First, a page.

California Community Builders (CCB) is a 501(c)(3) nonprofit affordable housing development organization that spun-off of The Greenlining Institute.
CCB’s mission is to reduce the homeownership gap as a means of closing the wealth gap for communities of color. CCB also aims to understand the impediments to policies that support building homeownership and work-force housing opportunities for low-income communities. In 2006, CCB undertook a pilot project in Firebaugh, California, called San Joaquin Villas in the Central Valley, an area that was described as “the Western Appalachia” by The Economist.
CCB also formed The Two Hundred, a statewide coalition of community leaders, opinion makers and minority advocates, to mitigate the growing wealth gap through homeownership and home building in California. Prior to The Two Hundred, there has been no cohesive statewide voice to advocate for low and moderate income communities of color for homeownership.
The wealth gap divide, exacerbated by California’s housing crisis, was created, in part, by the catastrophic economic impact of the Great Recession, when millions of Americans, especially households of color, lost what little equity they owned. The Two Hundred also advocates for millennials who, due to the shortage of affordable housing, the high cost of land, the mentality of developers and State policies that favor multi-family rentals are stuck with large student debt, ever increasing rents, and locked out of the same wealth-building legacy opportunity that created wealth for white, middle class families.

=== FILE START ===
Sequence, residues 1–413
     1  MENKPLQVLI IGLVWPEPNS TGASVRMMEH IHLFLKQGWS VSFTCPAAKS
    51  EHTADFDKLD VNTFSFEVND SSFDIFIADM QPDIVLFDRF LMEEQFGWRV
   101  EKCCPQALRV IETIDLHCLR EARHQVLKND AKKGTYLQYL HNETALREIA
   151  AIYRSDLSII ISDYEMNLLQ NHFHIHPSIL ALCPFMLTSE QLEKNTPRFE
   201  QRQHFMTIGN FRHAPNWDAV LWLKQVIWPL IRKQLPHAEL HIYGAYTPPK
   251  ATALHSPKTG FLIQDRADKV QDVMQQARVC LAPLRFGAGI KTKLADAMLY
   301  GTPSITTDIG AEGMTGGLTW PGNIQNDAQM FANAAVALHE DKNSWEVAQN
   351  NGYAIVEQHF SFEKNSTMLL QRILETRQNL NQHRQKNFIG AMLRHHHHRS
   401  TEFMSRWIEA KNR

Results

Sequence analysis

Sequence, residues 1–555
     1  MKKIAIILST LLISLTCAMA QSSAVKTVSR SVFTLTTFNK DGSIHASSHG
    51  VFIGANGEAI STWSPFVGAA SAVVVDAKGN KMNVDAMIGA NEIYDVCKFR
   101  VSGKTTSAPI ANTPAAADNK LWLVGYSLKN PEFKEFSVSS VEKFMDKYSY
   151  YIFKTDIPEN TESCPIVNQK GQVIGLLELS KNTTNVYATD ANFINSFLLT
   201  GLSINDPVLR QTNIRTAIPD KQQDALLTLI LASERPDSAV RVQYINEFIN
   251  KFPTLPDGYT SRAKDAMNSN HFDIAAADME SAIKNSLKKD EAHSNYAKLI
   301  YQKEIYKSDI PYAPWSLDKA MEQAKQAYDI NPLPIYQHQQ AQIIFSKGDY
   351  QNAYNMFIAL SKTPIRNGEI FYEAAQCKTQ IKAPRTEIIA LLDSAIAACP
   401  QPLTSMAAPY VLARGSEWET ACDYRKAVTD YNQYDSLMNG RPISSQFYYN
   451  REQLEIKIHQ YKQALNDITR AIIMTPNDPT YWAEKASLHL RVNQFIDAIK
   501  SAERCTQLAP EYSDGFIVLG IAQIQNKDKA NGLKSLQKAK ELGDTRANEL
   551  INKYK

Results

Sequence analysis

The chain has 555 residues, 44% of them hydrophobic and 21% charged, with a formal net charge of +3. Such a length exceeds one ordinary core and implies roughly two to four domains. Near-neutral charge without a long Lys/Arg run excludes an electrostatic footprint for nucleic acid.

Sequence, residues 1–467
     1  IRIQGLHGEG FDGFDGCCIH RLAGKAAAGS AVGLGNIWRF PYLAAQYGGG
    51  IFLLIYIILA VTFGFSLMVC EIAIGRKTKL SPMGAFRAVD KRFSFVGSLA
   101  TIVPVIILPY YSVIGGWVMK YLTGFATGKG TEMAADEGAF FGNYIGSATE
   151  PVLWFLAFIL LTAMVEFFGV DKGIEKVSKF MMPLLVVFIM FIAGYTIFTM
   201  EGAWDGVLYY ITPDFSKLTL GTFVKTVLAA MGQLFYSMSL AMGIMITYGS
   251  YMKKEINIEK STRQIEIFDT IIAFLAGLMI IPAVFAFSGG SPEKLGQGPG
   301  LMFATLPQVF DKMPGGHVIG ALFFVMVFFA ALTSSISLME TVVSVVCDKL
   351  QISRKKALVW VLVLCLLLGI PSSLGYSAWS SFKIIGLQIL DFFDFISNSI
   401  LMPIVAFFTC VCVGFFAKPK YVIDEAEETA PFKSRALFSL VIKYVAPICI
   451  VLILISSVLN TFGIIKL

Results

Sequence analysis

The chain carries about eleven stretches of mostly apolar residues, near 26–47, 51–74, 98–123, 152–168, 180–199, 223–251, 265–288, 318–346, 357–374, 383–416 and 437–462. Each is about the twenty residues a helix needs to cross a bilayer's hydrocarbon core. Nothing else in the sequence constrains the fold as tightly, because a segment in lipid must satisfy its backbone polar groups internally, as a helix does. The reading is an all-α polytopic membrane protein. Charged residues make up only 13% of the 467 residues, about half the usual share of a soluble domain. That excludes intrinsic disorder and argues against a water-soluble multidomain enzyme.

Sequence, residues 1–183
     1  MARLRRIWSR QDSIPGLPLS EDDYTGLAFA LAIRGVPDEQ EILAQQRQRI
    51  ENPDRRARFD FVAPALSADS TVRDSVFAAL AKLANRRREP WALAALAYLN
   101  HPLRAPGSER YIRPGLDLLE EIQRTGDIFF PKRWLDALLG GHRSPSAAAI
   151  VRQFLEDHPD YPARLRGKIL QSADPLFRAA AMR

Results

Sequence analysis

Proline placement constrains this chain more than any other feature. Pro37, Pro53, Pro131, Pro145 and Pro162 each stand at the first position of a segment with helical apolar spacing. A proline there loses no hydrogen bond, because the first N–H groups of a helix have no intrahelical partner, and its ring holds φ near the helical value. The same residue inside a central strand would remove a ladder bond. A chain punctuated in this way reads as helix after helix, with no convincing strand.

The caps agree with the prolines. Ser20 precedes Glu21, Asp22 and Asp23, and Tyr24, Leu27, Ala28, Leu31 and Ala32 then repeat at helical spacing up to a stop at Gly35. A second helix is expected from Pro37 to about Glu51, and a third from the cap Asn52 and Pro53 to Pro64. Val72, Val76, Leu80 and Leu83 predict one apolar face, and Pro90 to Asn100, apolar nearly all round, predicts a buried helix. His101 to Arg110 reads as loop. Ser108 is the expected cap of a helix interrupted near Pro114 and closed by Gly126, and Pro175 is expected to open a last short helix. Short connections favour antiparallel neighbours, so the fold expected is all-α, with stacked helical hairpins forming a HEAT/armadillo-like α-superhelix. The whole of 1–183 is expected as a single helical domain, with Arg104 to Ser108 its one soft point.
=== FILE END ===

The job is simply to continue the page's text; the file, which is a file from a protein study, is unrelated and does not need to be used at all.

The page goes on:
This past year, The Two Hundred hosted a series of statewide, well-attended mini-conferences in Oakland, Sacramento, San Jose, Fresno, the Inland Empire, San Diego and Oxnard. Each conference outreached to community leaders, housing advocates, legislators, and re-introduced homeownership as a policy issue. This, in addition to the first community based legislative hearing on housing this past May, raised the profile of The Two Hundred to policy makers in Sacramento.
The Two Hundred leadership brings a unique combination of experience that include: grassroots organizing, intricate knowledge of the levers of power and how to engage them; policy advocacy; proven ability to work with diverse populations; experience with the inner workings of bureaucracy and institutions and the respect that comes with a lifetime commitment to social justice.